China Is Slowly Undoing Its One-Child Policy

The addition of an extra exemption will let more Chinese families have more than one child


Since 1979, China has imposed strict rules on the reproductive rights of the vast majority of its citizens, and the one-child-per-family policy has put a huge damper on the rapid population growth that characterized the earlier parts of the past century in the country. The law is heavy handed, says TIME, using fines (or worse) to punish those who fail to follow the rules, and it primarily affects the ethnic group that makes up the bulk of the country’s population, the Han—minorities are largely left to their own devices (in this one respect, at least).

In recent years, though, China has begun to loosen the reigns on its citizens’ family-planning decisions. First, China’s rural residents were allowed to have two kids if the first was a girl, says the Canadian Press. Despite this, says TIME, there is still a huge disparity in China’s population, with boys massively overrepresented. The rules were also slackened for couples who came from single-child families—they were allowed to have two kids.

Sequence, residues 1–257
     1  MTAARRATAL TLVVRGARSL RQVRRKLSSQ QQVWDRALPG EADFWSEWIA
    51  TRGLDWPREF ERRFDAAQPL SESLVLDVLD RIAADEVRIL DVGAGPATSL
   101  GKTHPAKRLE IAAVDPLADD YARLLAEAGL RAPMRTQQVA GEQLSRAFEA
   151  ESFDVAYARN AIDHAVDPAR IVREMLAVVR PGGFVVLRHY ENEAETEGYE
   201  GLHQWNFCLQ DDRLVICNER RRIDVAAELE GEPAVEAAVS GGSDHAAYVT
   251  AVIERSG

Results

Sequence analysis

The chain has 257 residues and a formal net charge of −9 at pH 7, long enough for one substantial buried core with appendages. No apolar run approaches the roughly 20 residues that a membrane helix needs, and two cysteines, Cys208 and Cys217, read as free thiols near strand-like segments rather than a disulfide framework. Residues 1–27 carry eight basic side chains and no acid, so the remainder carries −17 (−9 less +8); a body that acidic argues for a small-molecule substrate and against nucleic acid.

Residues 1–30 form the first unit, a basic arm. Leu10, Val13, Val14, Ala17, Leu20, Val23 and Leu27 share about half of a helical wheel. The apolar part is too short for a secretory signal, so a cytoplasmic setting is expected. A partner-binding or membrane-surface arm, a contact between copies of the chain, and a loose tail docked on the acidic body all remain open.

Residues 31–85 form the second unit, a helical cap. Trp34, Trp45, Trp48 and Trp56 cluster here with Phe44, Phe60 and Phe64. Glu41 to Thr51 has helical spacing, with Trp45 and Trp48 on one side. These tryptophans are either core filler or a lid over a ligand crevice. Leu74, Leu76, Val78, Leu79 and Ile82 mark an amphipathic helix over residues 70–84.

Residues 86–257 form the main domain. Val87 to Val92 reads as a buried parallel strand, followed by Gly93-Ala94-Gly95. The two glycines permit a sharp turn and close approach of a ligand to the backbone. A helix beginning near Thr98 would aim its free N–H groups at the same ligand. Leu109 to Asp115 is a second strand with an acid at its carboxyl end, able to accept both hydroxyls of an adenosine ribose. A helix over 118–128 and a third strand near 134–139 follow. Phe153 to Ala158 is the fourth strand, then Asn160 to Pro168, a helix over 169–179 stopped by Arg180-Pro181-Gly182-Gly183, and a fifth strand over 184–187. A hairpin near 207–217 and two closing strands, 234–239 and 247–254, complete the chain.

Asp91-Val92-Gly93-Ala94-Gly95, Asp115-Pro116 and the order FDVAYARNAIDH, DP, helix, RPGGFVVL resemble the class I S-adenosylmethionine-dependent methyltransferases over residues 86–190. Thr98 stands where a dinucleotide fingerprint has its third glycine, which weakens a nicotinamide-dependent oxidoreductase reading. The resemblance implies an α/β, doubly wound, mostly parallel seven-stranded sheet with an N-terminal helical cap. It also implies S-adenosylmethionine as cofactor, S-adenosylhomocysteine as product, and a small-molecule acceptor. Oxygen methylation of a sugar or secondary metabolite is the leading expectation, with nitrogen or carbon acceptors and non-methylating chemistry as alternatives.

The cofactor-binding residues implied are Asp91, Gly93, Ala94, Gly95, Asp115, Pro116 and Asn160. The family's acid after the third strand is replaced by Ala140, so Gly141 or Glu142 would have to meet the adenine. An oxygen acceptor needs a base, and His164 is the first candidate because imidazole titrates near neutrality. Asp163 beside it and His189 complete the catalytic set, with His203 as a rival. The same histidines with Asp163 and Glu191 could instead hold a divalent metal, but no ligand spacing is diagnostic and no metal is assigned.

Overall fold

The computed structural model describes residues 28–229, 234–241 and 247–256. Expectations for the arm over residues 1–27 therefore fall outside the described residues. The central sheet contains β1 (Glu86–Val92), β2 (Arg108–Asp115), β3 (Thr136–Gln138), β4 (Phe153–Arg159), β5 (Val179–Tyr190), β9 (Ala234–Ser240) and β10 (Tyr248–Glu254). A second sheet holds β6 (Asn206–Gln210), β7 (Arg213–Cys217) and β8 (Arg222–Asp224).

But now, says the New York Times, even more exemptions are being added in. Now, if just one member of a couple is an only child (as opposed to both being only children), that couple can have two kids.

The changing rules is a continuation of China’s efforts to micromanage its population size, balancing the number of young working people with the demands that come from more people. In just a few decades, says the BBC, more than a quarter of China’s population will be seniors.

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